LitReview

Book Review: The Laughing Hangman

By August 18, 2016 No Comments

Wildcat should be on amazon within the next week or so, so keep an eye out everyone – meanwhile, here’s a look at what I’ve been reading recently:

The Laughing Hangman:  Edward Marsdon (1996)

A Nicholas Bracewell story

 

This book was lent to me by a friend and means that, yet again, I’ve fallen into a series midway through (flashbacks of 1356…).  That said it’s not a bad read at all, even if I didn’t really get the relationship problems between Nick and Anne.  Beyond that the story seemed pretty self-contained and I managed to follow it pretty well.

 

We begin with Nicholas Bracewell, our hero and bookholder of a troop of actors called the Westfields Men, being asked for help by Anne, his old lover.  Philip Robson, the son of Anne’s neighbour /admirer Ambrose, has been writing to his father about his terrible treatment at the Chapel Royal Children theatre and wishes to come home to his family.  Given Ambrose’s obvious intentions towards Anne, Nick is not keen on the idea, but he agrees to help for her sake and hopes perhaps to rekindle their friendship.

In the process of this he becomes a witness to the murder of the first of the Laughing Hangman’s victims.  He decides to look into it but has worries enough already what with the Westfields Men’s new playwright upsetting the whole troop with his attitude and being threatened by another unknown assailant to boot.  He tries to keep his troop together while simultaneously solving a murder, rescuing a child and protecting his playwright, all while trying to find a way back into Anne Hendrik’s good graces.

 

Not a bad start!

 

Alright, let’s get the cons out of the way first.  Some of the dialogue takes a bit of getting used to, being Elizabethan and all that, and even then it’s not 100% consistent.  Plot wise I found it fairly interesting but not enough that I was finding it hard to put the book down at the end of my lunch hour.  For one thing the Edmund Hoode subplot felt a bit pointless as it didn’t really go anywhere (flashbacks to reading Frankenstein – page after page of agonising about stuff building to a fairly anti-climactic climax).  At best it seemed like comic relief and a pretty slow-burn comic relief at that, and the book would not have suffered from its absence.  Now it could be that this had some greater meaning to those who know the character from other books so I’ll give benefit of the doubt there but as someone who just picked up this one book – as people often do – it seemed needless.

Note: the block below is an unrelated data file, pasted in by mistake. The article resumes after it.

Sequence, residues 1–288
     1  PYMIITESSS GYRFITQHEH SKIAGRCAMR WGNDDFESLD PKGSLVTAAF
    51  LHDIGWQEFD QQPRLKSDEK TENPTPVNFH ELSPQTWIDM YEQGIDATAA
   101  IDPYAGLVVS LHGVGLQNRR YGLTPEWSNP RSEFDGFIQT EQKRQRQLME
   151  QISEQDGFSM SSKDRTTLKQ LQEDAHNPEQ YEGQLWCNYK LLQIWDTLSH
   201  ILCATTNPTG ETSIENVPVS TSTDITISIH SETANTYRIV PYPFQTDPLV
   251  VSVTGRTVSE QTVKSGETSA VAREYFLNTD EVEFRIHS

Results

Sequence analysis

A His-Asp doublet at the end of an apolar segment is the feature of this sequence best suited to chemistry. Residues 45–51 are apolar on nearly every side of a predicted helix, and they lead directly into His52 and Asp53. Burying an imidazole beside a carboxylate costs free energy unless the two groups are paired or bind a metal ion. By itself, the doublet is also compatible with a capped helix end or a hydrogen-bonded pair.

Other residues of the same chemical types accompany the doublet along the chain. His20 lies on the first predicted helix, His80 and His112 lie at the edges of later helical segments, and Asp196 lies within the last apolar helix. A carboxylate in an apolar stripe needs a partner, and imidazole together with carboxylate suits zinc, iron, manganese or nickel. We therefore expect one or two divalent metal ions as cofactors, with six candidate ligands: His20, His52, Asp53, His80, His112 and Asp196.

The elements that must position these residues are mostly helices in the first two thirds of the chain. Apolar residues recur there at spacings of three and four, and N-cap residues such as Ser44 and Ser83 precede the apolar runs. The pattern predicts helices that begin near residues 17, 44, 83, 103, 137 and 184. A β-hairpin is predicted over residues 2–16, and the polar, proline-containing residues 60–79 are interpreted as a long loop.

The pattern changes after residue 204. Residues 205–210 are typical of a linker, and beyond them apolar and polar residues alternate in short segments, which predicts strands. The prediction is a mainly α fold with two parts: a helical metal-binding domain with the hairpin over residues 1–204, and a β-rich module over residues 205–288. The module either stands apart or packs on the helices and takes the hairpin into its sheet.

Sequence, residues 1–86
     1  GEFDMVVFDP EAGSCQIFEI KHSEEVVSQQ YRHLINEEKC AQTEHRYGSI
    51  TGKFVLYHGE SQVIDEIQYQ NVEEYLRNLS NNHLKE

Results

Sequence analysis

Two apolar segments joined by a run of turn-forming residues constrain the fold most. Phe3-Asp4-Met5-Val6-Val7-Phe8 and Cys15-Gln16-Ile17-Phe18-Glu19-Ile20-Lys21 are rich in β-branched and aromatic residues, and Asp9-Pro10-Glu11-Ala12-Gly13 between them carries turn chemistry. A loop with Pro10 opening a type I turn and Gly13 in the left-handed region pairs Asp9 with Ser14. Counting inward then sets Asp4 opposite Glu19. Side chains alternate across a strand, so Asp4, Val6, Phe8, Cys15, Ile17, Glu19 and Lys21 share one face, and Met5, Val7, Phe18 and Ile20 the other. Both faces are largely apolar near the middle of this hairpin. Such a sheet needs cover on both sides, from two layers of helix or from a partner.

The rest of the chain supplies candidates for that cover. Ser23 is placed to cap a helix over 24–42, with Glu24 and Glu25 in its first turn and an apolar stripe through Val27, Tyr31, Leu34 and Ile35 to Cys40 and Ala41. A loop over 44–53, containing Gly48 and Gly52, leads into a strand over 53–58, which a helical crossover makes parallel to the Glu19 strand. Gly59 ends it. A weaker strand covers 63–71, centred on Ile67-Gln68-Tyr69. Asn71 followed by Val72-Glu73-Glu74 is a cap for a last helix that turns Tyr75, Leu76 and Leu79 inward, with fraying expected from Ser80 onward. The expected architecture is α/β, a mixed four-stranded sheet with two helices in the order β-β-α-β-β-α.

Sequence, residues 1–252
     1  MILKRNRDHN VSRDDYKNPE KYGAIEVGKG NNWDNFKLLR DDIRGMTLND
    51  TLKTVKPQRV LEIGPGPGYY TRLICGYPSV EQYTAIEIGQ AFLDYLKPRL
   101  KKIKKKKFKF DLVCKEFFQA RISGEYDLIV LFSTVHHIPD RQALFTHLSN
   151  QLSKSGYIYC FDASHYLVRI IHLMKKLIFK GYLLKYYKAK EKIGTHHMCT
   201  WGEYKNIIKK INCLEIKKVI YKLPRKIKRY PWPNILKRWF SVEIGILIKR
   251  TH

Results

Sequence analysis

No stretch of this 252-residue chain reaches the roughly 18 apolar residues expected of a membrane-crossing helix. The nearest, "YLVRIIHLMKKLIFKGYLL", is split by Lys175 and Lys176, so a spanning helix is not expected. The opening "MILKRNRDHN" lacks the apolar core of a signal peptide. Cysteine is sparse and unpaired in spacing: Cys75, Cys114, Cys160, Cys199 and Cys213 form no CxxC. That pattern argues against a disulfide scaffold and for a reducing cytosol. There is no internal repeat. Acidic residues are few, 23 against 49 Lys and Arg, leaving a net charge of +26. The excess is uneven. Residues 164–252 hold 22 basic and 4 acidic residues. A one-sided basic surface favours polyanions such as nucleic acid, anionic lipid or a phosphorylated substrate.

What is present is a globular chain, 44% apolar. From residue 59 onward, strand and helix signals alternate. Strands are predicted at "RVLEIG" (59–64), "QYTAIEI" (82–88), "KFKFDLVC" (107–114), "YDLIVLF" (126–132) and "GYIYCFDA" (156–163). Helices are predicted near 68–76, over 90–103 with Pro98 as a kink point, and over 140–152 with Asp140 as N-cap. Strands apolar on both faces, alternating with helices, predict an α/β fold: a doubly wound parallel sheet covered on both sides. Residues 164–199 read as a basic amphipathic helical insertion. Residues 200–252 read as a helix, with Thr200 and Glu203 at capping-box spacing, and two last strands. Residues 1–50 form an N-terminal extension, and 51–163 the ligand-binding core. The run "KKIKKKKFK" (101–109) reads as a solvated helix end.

The same justification might be made for another of my gripes with this, i.e. that the backstory of Nick and Anne is never really explained.  Our hero’s actions are almost completely dominated by his feelings for her and she is constantly in his thoughts, but he’s always vague about what actually happened to bring them together and then drive them apart.  Series or not, that really could have been explained better, given how much Nick is obsessed with the woman.

 

On the plus side, the plot was pretty good and had some nice twists to it, but the main thing I liked about this book was the view it gave of 16th century theatre.  Marston goes into lots of detail without it seeming like a lecture (a classic trait of one of my favourite authors – Bernard Cornwell).  He tells us all about the physical productions such as most plays being performed in tavern yards rather than purpose-built theatres, as well as how things like props and effects were done.  Even more than this, the book is very informative on the risqué political and religious satire that writers included in their text.  We all know about this sort of thing appearing in Shakespeare (who the writer wisely resists from mentioning!) but I really liked seeing how other playwrights did such things.

 

In all I have to say this wasn’t a gripping page-turner for me but it did make an interesting lunchtime read and appealed to me as a lover of Shakespeare.  Marston transports the reader into a very believable 16th century London and that was enough to keep me going through it.  As I say, plot-wise it wasn’t bad by any means but nor was it something that had me wondering about the story on the drive home.  I would probably speak more highly of some of the characters but, as part of a series, I didn’t really get to know them that well, and they didn’t seem to change much from start to finish.  I’d say if you’re into Shakespeare, give this book a look and you’ll be interested.  To sum up – I’m not rushing out to buy the series any time soon but I’m certainly glad to have read this one.

 

 

 

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